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Fourth Circuit Vacates Permits Authorizing Pipeline Construction in National Forest

Wednesday, January 30, 2019
Hunter Leigh Jones

Hunter Leigh Jones

Associate Editor, ELR

On December 13, 2018, the U.S. Court of Appeals for the Fourth Circuit vacated permits issued by the U.S. Forest Service authorizing a pipeline, known as the Atlantic Coast Pipeline, to be constructed across two national forests and the Appalachian Trail. The Atlantic Coast Pipeline is a proposed 604-mile natural gas pipeline that would stretch from West Virginia to North Carolina.

In Cowpasture River Preservation Ass’n v. Forest Service, the Fourth Circuit held that the Forest Service violated both the National Environmental Policy Act (NEPA) and the National Forest Management Act (NFMA) when it approved a special use permit and issued a record of decision authorizing construction of the Atlantic Coast Pipeline across 21 miles of national forest land—roughly 16 miles in the George Washington National Forest and five miles in the Monongahela National Forest. Environmental groups argued that the agency violated NEPA by adopting an environmental impact statement (EIS) that (1) failed to take a “hard look” at the environmental impacts—landslide risks, erosion, and water quality degradation—from the pipeline, and (2) failed to consider an alternative route that avoided crossing national forest lands. The court found that the Forest Service disregarded its own concerns that the Federal Energy Regulatory Commission’s draft EIS lacked sufficient analysis of these impacts and off-forest alternatives when it changed position and adopted the Commission’s final EIS, in which the agency’s concerns had “mysteriously” not been addressed. 

Pipeline

Environmental groups also argued that the Forest Service violated the NFMA when it determined that its amendments to the George Washington and Monongahela National Forest Plans to accommodate the pipeline were not “directly related” to new substantive forest plan requirements that the agency introduced in 2012. The court agreed, concluding that the Forest Service’s amendments, which exempted the pipeline from forest plan standards concerning soil, riparian resources, and threatened and endangered species, were clearly directly related to the purpose and effect of the new requirements, and the Forest Service acted arbitrarily and capriciously in concluding otherwise.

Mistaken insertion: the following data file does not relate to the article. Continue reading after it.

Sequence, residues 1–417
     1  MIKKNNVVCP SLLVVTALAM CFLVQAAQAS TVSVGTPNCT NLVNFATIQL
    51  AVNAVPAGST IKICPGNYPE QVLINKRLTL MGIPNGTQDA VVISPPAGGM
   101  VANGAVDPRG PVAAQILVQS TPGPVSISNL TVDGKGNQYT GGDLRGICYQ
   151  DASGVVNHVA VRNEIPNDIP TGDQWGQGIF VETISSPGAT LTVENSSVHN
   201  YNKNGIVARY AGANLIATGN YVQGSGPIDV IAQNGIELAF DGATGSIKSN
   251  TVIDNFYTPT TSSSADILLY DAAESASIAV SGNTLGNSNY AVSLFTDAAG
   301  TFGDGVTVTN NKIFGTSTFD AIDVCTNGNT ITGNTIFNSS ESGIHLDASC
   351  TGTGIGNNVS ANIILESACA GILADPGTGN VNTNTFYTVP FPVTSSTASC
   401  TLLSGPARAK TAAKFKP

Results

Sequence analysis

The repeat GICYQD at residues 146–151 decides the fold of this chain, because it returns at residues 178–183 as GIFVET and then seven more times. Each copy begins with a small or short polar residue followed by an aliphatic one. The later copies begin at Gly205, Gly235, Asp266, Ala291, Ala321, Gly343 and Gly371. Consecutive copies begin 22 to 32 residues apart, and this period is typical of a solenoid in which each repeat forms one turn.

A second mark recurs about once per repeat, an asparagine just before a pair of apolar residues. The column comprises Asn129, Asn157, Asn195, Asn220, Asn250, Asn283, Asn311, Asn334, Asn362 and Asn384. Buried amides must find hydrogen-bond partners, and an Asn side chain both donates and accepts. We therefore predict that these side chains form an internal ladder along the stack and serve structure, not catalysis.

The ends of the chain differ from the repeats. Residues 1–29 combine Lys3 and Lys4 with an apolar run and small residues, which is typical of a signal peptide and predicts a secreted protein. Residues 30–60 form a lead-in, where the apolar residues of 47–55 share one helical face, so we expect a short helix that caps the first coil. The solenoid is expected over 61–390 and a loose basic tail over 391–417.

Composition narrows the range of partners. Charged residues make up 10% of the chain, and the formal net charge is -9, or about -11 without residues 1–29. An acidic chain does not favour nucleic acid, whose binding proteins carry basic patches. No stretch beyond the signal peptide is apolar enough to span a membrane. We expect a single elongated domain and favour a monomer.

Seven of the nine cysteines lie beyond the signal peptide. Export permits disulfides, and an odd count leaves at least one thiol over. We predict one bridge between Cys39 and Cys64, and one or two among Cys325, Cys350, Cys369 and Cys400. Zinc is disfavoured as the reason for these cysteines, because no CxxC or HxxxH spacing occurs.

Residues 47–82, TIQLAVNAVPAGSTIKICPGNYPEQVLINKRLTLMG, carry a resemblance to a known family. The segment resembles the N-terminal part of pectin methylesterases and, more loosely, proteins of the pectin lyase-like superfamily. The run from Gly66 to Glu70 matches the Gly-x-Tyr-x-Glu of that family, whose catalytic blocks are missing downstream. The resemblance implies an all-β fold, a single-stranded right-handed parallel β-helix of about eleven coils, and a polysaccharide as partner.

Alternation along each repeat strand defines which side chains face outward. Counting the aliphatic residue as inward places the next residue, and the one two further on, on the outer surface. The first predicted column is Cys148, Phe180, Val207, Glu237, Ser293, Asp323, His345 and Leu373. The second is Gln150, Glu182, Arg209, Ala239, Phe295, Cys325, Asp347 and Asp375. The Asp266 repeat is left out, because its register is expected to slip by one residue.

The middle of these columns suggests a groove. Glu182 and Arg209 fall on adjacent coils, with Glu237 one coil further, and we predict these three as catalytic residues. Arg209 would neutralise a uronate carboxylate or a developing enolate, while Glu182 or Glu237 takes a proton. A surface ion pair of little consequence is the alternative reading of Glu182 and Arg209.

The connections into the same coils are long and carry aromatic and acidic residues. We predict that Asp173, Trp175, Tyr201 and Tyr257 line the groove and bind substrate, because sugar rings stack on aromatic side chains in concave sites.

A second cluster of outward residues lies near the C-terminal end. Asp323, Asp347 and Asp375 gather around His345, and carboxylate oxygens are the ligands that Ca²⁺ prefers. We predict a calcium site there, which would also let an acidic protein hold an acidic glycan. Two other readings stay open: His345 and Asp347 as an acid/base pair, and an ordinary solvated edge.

As for the Forest Service’s approval of pipeline construction across the Appalachian Trail, the court concluded that the agency had no authority to grant the pipeline permission to cross the trail. The Forest Service asserted that the Mineral Leasing Act (MLA) prevented the National Park Service from authorizing pipeline rights-of-way across components of the Appalachian Trail on National Park System lands, but did not prevent the Forest Service from authorizing rights-of-way across parts of the trail that were on National Forest System lands. The court found, however, that the provision of the MLA that authorized the grant of pipeline rights-of-way specifically excluded lands in the National Park System. Because the Forest Service and the environmental groups agreed that the Appalachian Trail was a unit of the National Park System, the MLA exclusion applied, and therefore the Forest Service was not authorized to grant pipeline rights-of-way across the trail.

The court, in concluding that the Forest Service abandoned its responsibility to preserve national forests, shed light (with the help of Dr. Seuss) on its expectation that the agency should “speak for the trees, for the trees have no tongues,” and exposed some of the pressure felt by the agency to meet the private pipeline developer’s deadlines by showing that its serious environmental concerns were suddenly alleviated without explanation.

Cowpasture is the latest in a line of legal challenges in which the Fourth Circuit has struck down agency decisions authorizing construction of pipelines across federal land. Other cases include Sierra Club v. United States Forest Service, in which the court held that the U.S. Bureau of Land Management’s decision granting a right-of-way through Jefferson National Forest for construction of a pipeline violated the MLA by failing to demonstrate that alternative routes that would make greater use of existing rights-of-way were impractical, and Sierra Club v. United States Department of the Interior, in which the court held that the National Park Service’s decision granting a right-of-way across the Blue Ridge Parkway for construction of a pipeline violated the Blue Ridge Parkway Organic Act by failing to explain the pipeline’s consistency with the purposes of the Parkway and the National Park System.

These decisions illustrate that despite an increasing disregard for environmental requirements for pipeline development by federal agencies under the current Administration, courts have been willing to address claims by environmental groups challenging these authorizations and have found, in some instances, that agencies have been too hasty in approving such development.